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I am looking into Cloud Computing for my company. The one question that I can't seem to get out of my head is; What happens to my data and the ability to use it if the Cloud computing company goes out of business?

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This question appears to be off-topic because it is about business –  Danubian Sailor Dec 1 '13 at 9:07

6 Answers 6

up vote 9 down vote accepted

Obviously, you should pick a provider that you think is solid and unlikely to go out of business however the real answer is that you should have a replacement provider lined up and a plan for how you're going to switch if the main provider goes bust. The key parts of such a plan are:

  • Make sure you own and control the domain names, and use a completely independent provider to run your DNS
  • Set up a completely automated backup system which moves all data off your primary provider.
  • Have the backup provider ready-to-run at all times with just a DNS switch
  • Test your switchover process periodically

An outsourced server farm is really no different to any other outsourced function. You just need to make sure you're not locked into a single supplier.

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+1 for having an action plan –  David Schmitt Jan 30 '09 at 14:24

Pick a solid provider and make regular backups of your data outside of the cloud.

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I would say that it depends on the company. I wouldn't assume anything about you being able to retrieve it if the company goes out of business. Even if you have a legal right to do so, it will probably take months of going through court orders and procedures to get at it after the company fails.

After the company goes bankrupt, I also wouldn't assume there would be any security protocols in place to protect it. Even if they say there will be, when a company goes under all bets are off.

A think to also remember is that even the most "well known" companies can fail in a heartbeat (Enron anyone). You never really know how well a company is doing until the financial statements (if any) are released.

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Why don't you just keep a local backup of some sort? Also, you might want to stick with well known companies like Amazon where they probably wouldn't go out of business.

EDIT: As stated in the comments, even if Amazon stopped offering their cloud computing service it's unlikely that they wouldn't give users ample time to move their data off of their servers.

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While it is true that Amazon, MicroSoft,Google are unlikely to go out of business it is also a much more real possibility that they might give up on offering cloud computing when they realize the margins are terrible. –  JohnFx Jan 30 '09 at 15:52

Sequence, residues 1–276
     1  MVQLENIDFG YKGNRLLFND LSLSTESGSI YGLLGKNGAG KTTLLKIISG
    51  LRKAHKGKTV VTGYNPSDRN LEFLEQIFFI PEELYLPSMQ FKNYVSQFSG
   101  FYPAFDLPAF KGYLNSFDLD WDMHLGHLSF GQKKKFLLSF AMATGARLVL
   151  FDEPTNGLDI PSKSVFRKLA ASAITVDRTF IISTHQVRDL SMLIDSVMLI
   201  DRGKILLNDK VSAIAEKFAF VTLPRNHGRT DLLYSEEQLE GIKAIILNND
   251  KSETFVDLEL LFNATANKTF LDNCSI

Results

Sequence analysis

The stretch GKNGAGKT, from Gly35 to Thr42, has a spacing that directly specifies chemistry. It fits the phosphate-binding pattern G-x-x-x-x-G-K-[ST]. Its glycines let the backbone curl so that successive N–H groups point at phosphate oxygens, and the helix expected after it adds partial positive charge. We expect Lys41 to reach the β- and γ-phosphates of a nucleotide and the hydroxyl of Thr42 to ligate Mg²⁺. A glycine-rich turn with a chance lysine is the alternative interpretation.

Yes, but a company dropping cloud computing will probably honor contractual obligations about ending the service. Don't count on Joe's Bait Shop And Server Farm doing that after a serious minnow shortage. –  David Thornley Jan 30 '09 at 16:23

You aren't alone. There are a lot of people asking this same question. Some advice to make sure you aren't left out in the cold.

1) Examine the terms of service carefully. Even some of the bigger players like Amazon reserve the right to terminate service with no more than 30 days notice. If you had your whole network infrastructure on a particular cloud, 30 days isn't a long time to build a new data center or move to another provider. This brings us to my second point...

2) Portability between providers is important. Proprietary cloud solutions (Microsoft Azure, Google NetApps, and to a lesser extent Amazon AWS) make it hard to transition easily to another provider if forced to. A promising option on the horizon is VMWare who is taking the approach of providing the cloud software and letting partners host it. This would theoretically give you a lot of portability between providers and potentially even let you use multiple providers at once so you have a failover. Also, since they are likely to use standard VMDK images, if you have an ESX server you could always pull the Virtual machines back locally if absolutely necessary.

3) Backups. Hopefully the cloud provider offers some method for creating backups, but it is advisable to have an offline version as well. The newer hybrid-cloud architectures where only some of your infrastructure lives on the cloud is attractive for this. That is, you could backup locally from the cloud.

Here is a good article wherein the author predicts the collapse of the Cloud marketplace and a rebuttal by GoGrid.com. Very interesting read since you get both sides of the issue.

“Don't buy cloud computing hype: Business model will evaporate” Chuck Goolsbee – Dec 2008 http://searchdatacenter.techtarget.com/news/article/0,289142,sid80_gci1343864,00.html?track=sy540#

GoGrid.com’s rebuttal Michael Sheehan – Jan 2009 http://blog.gogrid.com/2008/12/31/dissecting-searchdatacentercoms-dont-buy-cloud-computing-hype-post/

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Amazon and MSFT aren't going to shut down shop overnight.

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